• Wade Davis, Light at the Edge of the World (2007)
  • Our ultimate task is to find interpretative procedures that will uncover each bias and discredit its claims to universality. When this is done the eighteenth century can be formally closed and a new era that has been here a long time can be officially recognised. The individual human being, stripped of his humanity, is of no use as a conceptual base from which to make a picture of human society. No human exists except steeped in the culture of his time and place. The falsely abstracted individual has been sadly misleading to Western political thought. But now we can start again at a point where major streams of thought converge, at the other end, at the making of culture. Cultural analysis sees the whole tapestry as a whole, the picture and the weaving process, before attending to the individual threads.
    • Mary Douglas and B. Isherwood (1979). The World of Goods: Towards an Anthropology of Consumption. London, Allen Lane, page 63




  • Before we can apply the tools of anthropology to reconstruct the real history of money, we need to understand what's wrong with the conventional account.
    • David Graeber (2011) Debt: The First 5,000 Years. p. 22


  • Both social and biosocial factors are necessary to interpret crosscultural studies, with the general proviso that one's research interest determines which elements, in what combinations, are significant for the provision of understanding.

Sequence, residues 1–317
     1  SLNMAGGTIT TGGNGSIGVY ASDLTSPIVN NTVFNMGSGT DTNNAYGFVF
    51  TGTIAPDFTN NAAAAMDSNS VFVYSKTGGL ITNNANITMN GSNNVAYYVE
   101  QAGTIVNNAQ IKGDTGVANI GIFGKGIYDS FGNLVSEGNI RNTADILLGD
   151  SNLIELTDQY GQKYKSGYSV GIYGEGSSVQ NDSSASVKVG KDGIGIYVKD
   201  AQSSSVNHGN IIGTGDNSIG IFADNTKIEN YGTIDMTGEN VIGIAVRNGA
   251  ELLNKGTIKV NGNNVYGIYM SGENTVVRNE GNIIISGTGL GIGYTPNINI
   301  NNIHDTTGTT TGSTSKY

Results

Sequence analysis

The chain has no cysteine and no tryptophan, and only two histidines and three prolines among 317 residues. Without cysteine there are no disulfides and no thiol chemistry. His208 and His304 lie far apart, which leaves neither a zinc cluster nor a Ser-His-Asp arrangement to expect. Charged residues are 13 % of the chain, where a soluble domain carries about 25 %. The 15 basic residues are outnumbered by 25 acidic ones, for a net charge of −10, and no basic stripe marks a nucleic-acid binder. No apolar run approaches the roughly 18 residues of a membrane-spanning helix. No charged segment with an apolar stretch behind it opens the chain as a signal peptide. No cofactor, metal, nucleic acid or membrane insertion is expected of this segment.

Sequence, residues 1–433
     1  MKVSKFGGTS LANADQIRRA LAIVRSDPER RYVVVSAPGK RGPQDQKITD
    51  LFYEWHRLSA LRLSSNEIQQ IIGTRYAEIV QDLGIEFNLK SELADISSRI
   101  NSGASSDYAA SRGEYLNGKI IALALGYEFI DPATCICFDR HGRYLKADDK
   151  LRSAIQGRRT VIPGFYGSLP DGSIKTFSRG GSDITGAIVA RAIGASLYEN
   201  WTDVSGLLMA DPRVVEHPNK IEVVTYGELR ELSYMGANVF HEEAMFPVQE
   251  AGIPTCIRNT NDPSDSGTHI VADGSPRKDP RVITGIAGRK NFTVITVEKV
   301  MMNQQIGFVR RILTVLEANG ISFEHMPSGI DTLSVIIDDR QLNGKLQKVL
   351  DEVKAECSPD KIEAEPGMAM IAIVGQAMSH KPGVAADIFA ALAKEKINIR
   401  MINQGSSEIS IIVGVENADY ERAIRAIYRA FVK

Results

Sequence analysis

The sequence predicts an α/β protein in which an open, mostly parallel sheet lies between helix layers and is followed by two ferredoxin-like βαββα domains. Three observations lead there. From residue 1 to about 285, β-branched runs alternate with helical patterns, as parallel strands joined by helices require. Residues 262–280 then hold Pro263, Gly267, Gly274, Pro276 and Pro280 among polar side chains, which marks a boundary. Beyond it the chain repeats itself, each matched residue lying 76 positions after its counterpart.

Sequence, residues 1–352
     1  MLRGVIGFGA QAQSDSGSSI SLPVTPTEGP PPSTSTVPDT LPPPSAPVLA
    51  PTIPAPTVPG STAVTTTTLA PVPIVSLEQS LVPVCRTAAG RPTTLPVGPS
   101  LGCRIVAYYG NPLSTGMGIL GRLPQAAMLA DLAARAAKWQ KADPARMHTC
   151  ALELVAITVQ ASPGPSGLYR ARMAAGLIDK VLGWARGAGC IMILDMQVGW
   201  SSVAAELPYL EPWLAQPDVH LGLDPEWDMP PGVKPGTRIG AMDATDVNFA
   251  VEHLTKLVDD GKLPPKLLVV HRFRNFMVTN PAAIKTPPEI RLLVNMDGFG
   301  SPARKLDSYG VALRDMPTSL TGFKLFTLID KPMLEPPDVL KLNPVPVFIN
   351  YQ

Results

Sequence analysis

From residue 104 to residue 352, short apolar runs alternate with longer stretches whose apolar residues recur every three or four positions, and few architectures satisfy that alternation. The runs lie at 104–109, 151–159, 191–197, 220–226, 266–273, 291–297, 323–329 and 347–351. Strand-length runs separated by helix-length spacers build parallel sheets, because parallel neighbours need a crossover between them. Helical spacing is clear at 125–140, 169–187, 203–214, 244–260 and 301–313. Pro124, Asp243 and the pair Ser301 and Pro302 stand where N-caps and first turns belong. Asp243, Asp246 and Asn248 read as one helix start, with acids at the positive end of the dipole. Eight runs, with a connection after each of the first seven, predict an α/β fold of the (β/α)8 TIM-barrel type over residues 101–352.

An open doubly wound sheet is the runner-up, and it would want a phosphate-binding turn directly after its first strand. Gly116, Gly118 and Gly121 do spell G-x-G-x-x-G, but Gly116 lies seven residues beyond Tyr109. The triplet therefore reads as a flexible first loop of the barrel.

• Gilbert Herdt (1998) "Bisexuality and the Causes of Homosexuality: The Case of the Sambia"


  • Studying primitives enables us to see ourselves better. Ordinarily we are unaware of the special lens through which we look at life. It would hardly be fish who discovered the existence of water. Students who had not gone beyond the horizon of their own society could not be expected to perceive custom which was the stuff of their own thinking. The scientist of human affairs needs to know as much about the eye that sees as the object seen. Anthropology holds up a great mirror to man and lets him look at himself in his infinite variety. This, and not the satisfaction of idle curiosity nor romantic quest, is the meaning of the anthropologist's work in nonliterate societies.
    • Clyde Kluckhohn (1949) Mirror for Man. New York: McGraw-Hill Book Company, Inc., p. 11


  • Among the various forms of science which are reaching and affecting the new popular tradition, we have reckoned Anthropology. Pleasantly enough, Anthropology has herself but recently emerged from that limbo of the unrecognised in which Psychical Research is pining.
  • Anthropology is destined to revolutionise the political and the social sciences as radically as bacteriology has revolutionised the science of medicine.
    • M.G. de Lapouge cited in: Thorstein Veblen (1898) "Why is Economics Not an Evolutionary Science" in: The Quarterly Journal of Economics Volume 12, 1898.
  • Adventure has no place in the anthropologists profession; it is merely one of those unavoidable drawbacks, which detract from his effective work through the incidental loss of weeks or months